Observation scores account for 70% of a teacher’s summative evaluation score. Summative ratings are Unsatisfactory, Developing, Proficient, or Excellent.

The ratings can have high stakes. Dismissal, remediation, and tenure attainment are tied to the ratings. Nontenured teachers with ratings in the bottom two categories may not have their contracts renewed. Tenured teachers with a Developing rating are placed on Professional Development Plans, which are in effect for one year. Tenured teachers with an Unsatisfactory rating are subject to a 90-day Remediation Plan and subject to dismissal if their ratings do not improve. REACH ratings also affect the order in which teachers are laid off.

Sartain previously led a study, published in March 2020 by the University of Chicago Consortium on School Research, that surveyed teachers and administrators regarding their perceptions of the REACH evaluation system. It found that both teachers and administrators agreed that the evaluation system helped identify specific ways to improve practice. Most teachers — more than 80% — felt the observation scores were mostly or highly accurate.

But many teachers disagreed that REACH evaluations should be used to determine dismissal or tenure attainment. Only 15% of administrators disagreed.

Digging into the evaluations

Given that the REACH evaluations can affect the careers of teachers, are they treating all of Chicago’s teachers fairly?

To examine the effects of the REACH evaluation system, Sartain and Steinberg, an associate professor of education policy at George Mason University, analyzed data from the 2013-2014 and 2014-2015 school years, the first years of the system. Data analyzed in the study described 5,536 K–5 teachers from 411 Chicago elementary schools.

For each teacher, Sartain and Steinberg observed demographic information (race, gender, age), years of experience, degree attainment, and tenure status. They matched teachers to their evaluators, observing each evaluator’s demographic information, experience and formal school role. They also used student-level data to match classes of students to teachers.

The study also examined data that described students. That data included each student’s prior-year achievement on standardized end-of-year exams; social-economic status based on whether they qualified for free- or reduced-price lunch; and behavior, based on the number of prior-year misconduct reports.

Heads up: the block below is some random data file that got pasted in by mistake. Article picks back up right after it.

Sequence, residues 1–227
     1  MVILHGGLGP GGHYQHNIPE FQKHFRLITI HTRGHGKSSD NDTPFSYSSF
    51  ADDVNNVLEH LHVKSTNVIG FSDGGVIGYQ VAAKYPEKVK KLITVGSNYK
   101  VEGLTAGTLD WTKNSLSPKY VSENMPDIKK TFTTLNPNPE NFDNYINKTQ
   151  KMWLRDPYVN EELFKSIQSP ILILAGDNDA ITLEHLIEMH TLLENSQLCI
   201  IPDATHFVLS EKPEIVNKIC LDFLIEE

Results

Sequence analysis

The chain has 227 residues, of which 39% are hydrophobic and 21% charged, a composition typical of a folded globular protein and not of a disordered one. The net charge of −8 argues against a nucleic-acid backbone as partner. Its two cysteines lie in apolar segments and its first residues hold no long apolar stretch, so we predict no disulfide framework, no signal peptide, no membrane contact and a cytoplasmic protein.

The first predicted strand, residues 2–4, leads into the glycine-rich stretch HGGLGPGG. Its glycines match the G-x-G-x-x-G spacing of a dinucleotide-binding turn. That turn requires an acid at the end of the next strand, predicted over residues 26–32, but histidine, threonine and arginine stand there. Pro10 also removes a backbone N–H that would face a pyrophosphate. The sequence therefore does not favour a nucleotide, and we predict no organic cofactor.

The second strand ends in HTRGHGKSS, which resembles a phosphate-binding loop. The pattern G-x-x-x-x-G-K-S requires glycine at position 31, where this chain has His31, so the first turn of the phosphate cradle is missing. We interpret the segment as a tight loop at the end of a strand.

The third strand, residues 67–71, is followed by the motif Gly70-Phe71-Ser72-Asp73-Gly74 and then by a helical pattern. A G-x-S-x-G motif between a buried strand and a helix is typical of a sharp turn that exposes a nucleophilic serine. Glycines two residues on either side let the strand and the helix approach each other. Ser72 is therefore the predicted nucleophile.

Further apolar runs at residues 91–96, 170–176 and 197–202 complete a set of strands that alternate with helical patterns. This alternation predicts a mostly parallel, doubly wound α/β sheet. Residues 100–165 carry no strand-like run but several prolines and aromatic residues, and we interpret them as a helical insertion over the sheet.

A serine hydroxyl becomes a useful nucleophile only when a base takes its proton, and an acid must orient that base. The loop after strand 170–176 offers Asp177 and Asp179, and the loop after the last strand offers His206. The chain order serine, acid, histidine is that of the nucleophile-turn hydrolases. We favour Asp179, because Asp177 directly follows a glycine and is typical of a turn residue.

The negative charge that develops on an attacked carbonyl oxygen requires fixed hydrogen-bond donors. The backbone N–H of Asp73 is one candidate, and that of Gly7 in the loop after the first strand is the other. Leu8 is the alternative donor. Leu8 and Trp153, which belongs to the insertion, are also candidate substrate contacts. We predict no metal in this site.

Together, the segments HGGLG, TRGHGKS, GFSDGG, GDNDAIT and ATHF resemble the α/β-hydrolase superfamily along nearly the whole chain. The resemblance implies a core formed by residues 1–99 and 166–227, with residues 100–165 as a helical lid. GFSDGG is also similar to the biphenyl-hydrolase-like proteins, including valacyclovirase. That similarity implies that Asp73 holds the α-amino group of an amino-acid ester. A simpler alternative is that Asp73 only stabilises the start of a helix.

The study also included data that described school-level climate and instruction supports.

What the data show

The study found that 89% of the Black-White gap in classroom observation scores was explained by differences between the characteristics of schools where Black and White educators worked. The other 11% of the explained gap was related to classroom-level differences within individual schools, including student poverty, misconduct, and academic achievement.

None of the race gap was explained by differences in teachers’ measured effectiveness in improving student achievement, by school culture, or by the race of the teachers’ evaluators.

The study also found that White teachers working in high-poverty schools were just as likely to receive lower evaluations in their classroom observations.

Implications of the study should inform consideration of how teacher evaluation systems are implemented, Sartain and Steinberg say.

If high-stakes personnel decisions rely on observation systems that do not take into account context-specific factors, districts run the risk of making decisions that have the consequence of reducing racial diversity among their teacher labor force.

Sartain and Steinberg say those reductions would likely affect the educational experiences of students, given the benefits that Black and other minority students receive from having same-race teachers.


Sartain, L.; Zou, A.; Gutierrez, V.; Shyjka, A.; Hinton, E.; Brown, E.R. & Easton, J.G. (2020). Teacher evaluation in CPS: Perceptions of REACH implementation, five years in. UChicago Consortium Research Brief.

Sartain, L. & Zou, A. (2020). Teacher evaluation in CPS: REACH ratings and teacher mobility.
Chicago, IL: University of Chicago Consortium on School Research.

Shyjka, A. & Gutiérrez, V. (2020). Teacher evaluation in CPS: What makes evaluator feedback useful? Chicago, IL: University of Chicago Consortium on School Research.

Steinberg, M. P., & Sartain, L. (2021). What explains the race gap in teacher performance ratings? Evidence from Chicago Public Schools. Educational Evaluation and Policy Analysis 43(1), 60–82.